Lauren O’Connell – Details (2018)

Posted by Green on September 30, 2018
in folk
as

320 kbps | 98 MB | LINKS

Lauren O’Connell knows that life can be fucked up sometimes. That simply feeling and functioning as “human” can be freakishly hard and that the best stories come from the most well-worn, lived in and punctured places in our hearts and minds. O’Connell also understands that the world doesn’t owe us anything. That pain exists within us, and alongside us, and it hurts to be open and get close to people, but it hurts to be closed off and alone too. While we can’t control the source or the reasons for the pain, we can control how we respond to it and O’Connell has responded in one of the most cathartic ways; turning pain into poetry. Something to be proud of instead of haunted by.

‘Details’ is made up of 10-tracks that are not only detailed in their storytelling but in their sonic composition. There’s solitude and sorrow woven into the soundscapes, as each song presents itself as clear dissections of O’Connell’s personal life, but there’s hope and light there too. No self pity, no self-righteous indignation exists. The album carries itself in a matter-of-fact, no-fuss way as O’Connell asks questions that she may never get an answer to. However, despite the specifics of her storytelling, O’Connell allows these questions to be relatable, fitting easily into her listener’s personal lives as well as revealing themselves to be snapshots of her own experiences.

Stand out tracks like ‘Shimmering Silver’ show off both contemporary and vintage influences and the song exists suspended in time. It’s one of my favourite songs on the album in terms of its quirky dynamics, it juxtaposes a playful darkness against dreamy sophistication and makes me enjoy the sound of one of my least favourite instruments; the dreaded banjo! Album opener ‘Superimposed’ is a humble, stripped back track with incredible, natural imagery that puts our insignificance as wounded earth dwellers into perspective. Similarly ‘Under Control’ is another song that lets the storytelling shine, and despite being relatively upbeat in its arrangements, the sadness is tangible in O’Connell’s vocal delivery. ‘Guilt’ makes for an eerie, otherworldly and slightly unnerving listening and commands respect and the tone for album closer, ‘Build Yourself’ is arguably one of the most gloomy and self reflective songs on the album, making for a momentous closer.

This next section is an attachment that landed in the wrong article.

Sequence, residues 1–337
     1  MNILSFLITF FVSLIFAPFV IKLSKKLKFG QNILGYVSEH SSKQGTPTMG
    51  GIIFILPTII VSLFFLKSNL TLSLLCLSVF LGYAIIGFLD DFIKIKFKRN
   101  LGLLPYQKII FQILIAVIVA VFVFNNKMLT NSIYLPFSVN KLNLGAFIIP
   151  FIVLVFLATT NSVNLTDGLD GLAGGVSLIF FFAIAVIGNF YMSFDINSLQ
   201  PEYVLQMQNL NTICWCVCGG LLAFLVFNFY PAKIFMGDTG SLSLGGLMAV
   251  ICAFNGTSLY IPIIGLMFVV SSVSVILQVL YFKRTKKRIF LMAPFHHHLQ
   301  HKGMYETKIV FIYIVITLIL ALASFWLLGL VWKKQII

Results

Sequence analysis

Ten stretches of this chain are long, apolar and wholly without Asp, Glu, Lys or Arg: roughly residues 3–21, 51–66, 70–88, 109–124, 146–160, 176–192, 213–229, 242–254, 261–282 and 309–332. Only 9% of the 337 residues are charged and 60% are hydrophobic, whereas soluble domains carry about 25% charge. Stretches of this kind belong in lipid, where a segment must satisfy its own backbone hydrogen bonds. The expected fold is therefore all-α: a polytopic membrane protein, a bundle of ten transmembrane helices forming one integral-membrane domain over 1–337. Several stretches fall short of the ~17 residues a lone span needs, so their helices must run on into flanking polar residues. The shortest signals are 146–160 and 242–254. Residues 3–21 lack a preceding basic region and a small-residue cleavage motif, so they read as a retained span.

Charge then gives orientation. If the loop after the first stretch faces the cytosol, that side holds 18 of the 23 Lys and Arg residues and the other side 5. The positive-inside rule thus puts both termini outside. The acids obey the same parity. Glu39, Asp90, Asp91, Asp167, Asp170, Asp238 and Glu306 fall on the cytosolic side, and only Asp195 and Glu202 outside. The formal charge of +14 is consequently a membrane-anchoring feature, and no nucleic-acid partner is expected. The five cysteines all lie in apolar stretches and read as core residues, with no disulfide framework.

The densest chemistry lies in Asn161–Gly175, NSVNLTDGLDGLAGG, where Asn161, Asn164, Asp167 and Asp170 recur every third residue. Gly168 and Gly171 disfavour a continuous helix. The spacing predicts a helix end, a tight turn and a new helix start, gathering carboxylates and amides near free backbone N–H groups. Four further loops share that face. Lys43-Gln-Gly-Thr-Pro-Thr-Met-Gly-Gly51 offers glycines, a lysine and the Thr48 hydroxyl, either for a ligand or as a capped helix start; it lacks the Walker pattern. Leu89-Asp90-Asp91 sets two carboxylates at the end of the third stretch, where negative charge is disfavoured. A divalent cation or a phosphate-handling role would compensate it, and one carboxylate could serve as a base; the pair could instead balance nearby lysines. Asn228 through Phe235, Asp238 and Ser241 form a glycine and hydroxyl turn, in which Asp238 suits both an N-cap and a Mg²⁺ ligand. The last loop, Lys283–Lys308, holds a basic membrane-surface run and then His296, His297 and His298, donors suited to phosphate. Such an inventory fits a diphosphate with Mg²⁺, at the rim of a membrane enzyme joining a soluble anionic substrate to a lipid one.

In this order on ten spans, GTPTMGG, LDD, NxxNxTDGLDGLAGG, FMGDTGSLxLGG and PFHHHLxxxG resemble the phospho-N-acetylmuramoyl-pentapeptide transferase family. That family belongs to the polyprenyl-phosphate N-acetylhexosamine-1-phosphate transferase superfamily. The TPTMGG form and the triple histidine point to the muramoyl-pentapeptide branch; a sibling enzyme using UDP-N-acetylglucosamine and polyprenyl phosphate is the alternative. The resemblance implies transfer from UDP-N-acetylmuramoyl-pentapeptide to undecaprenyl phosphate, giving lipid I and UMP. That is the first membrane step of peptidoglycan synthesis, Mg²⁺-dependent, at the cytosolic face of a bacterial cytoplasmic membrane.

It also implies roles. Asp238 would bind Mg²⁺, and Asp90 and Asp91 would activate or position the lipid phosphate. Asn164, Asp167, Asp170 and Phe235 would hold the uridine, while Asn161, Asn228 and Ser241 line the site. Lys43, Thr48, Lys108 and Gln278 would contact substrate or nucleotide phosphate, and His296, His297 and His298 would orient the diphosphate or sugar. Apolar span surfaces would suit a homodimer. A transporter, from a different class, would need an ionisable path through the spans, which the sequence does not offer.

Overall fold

Lyrically, the album often offers unassuming advice to outsiders looking in and what is perhaps most noteworthy is that there’s a calmness and clarity to the sum of its parts. Sonically, O’Connell, her band, and everyone else who worked on this album with her have created a controlled whirlpool of affecting songs. From its sparser soundscapes to its thicker, fuzzier compositions, ‘Details’ is a meticulously crafted and deliberate album full of imagination and real heart.

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